RECALL | 2012–2013
As long as the memory itself lives and remains flexible, as long as it is not petrified, there is not a single chance at trying to bring to a halt this flood of recalls and capture images frozen in time. Faces of the past — past youths, lived and forgotten lives — never freeze forever. Images of the past, images of the whole generations of a family — they get farther away from the present, they are constantly revived in our multiple recollections — and they change relentlessly. Some of the features are erased; some of them come back to surface. Again and again we address our own and other’s memory and we have to finish writing family stories and to touch-up portraits of our own relatives. Previous ideas about of them disintegrate and multiply and doom upon us a whirlwind of run-backs: «And who is depicted on this photo? And who was she?»
Even the experience of analyzing recollections acquired during one’s lifetime does not help achieve neither the absolute clarity of familial and personal memory, nor, at the same time, the impenetrable obscurity of oblivion. We are always somewhere in between, halfway to the truth. Or, maybe, at the very beginning of this way.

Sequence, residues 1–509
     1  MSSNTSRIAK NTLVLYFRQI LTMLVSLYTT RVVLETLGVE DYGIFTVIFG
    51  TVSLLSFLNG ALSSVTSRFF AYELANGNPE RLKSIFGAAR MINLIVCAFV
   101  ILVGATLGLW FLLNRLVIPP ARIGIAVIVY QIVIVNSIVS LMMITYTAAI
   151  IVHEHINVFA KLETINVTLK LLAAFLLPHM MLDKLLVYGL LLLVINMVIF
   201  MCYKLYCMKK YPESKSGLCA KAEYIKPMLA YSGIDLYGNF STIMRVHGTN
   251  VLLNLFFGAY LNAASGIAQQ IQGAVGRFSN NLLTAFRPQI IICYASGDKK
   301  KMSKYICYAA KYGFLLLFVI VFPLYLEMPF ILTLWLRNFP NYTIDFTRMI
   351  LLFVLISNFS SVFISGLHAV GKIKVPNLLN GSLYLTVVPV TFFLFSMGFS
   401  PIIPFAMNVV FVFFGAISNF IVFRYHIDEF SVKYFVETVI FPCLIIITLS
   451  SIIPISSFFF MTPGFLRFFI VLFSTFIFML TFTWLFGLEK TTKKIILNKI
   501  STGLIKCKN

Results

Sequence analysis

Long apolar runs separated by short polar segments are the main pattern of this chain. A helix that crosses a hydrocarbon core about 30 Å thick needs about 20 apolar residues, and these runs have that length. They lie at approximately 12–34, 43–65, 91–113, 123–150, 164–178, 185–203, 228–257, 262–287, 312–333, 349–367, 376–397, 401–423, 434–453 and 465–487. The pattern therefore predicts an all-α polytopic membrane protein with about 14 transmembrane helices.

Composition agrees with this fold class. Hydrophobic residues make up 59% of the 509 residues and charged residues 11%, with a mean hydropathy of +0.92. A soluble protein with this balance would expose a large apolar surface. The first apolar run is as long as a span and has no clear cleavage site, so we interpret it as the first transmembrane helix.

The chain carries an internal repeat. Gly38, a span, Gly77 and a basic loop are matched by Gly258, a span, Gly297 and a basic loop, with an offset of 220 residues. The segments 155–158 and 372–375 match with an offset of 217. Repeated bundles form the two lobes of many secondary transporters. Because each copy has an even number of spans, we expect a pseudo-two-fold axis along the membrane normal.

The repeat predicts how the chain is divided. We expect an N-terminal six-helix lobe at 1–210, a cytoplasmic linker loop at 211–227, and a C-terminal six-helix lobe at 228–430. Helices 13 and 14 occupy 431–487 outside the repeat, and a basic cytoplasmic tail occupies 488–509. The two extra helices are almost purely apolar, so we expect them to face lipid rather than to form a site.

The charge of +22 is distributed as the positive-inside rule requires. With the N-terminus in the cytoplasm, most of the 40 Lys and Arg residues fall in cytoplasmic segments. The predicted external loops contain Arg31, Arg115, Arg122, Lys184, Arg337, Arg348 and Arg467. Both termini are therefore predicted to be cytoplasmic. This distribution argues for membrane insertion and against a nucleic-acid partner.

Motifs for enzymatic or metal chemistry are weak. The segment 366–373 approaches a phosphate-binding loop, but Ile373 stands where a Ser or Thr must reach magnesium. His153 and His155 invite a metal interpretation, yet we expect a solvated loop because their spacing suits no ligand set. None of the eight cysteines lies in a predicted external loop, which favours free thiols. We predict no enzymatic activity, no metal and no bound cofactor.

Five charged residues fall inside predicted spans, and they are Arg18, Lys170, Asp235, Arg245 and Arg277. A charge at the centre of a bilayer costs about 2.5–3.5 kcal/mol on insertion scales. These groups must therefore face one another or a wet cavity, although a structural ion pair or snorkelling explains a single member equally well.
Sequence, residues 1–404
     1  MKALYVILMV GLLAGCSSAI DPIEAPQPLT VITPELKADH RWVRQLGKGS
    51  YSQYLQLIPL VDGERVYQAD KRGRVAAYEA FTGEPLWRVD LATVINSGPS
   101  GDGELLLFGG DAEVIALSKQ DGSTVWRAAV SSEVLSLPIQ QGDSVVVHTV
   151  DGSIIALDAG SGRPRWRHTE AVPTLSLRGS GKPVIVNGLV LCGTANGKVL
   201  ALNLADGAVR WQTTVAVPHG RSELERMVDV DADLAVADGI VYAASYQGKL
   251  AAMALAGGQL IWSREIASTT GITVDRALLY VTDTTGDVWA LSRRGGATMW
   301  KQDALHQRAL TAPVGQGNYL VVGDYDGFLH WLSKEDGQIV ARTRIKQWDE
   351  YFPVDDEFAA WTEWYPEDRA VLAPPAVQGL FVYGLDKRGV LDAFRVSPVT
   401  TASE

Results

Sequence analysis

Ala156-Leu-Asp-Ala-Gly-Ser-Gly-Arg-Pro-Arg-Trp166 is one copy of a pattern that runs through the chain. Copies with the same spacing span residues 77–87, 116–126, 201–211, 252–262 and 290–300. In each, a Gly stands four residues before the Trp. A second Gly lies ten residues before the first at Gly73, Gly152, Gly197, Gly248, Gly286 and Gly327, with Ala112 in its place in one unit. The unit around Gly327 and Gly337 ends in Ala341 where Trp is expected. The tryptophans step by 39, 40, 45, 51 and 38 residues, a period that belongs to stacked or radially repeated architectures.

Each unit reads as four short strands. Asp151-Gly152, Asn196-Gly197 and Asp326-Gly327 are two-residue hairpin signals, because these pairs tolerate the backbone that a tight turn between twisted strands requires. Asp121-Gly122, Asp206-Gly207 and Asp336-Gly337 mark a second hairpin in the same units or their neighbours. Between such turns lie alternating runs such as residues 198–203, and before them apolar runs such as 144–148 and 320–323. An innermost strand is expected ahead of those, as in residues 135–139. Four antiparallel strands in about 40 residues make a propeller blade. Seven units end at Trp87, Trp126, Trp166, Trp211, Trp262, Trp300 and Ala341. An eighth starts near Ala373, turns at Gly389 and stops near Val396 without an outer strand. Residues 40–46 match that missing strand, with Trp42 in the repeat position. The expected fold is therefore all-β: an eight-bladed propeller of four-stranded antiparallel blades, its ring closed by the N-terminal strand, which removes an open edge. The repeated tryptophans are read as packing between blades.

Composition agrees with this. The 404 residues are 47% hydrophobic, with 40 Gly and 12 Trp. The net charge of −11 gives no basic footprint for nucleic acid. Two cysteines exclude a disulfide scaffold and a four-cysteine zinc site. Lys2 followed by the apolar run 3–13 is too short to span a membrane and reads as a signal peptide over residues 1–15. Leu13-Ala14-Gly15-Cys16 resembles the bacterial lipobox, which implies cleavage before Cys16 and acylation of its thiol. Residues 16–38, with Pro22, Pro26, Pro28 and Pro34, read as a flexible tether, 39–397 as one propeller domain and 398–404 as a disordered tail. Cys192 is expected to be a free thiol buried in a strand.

Anastasia Bogomolova, 2013
The Russian photographer Bogomolova, is particularly interested in the theme of memory. Contemporary budding photographers have often developed this theme, but she manages to find an original, intense dimension for it. She seems to communicate to everybody, despite the connection with her personal family pictures. The rectangular-shaped picture is re-photographed and manipulated, using other materials. Old pictures are buried, covered in dust, trapped in glass sheets. Little home-made portraits show her family members who in turn show pictures of their old selves, lost in time but saved by the only thing that could have saved them. Photography. In Bogomolova’s art, a sort of flirt with dated pictures, often linked to her personal story, can be noticed. It is as if the author enjoys perceiving herself in time, being part of a personal and collective story at the same time. It may be the need to have a concrete object to think over, as the contemporary ways of expressing memory through images seem to develop endlessly.
Gioia Perrone (IT), 2014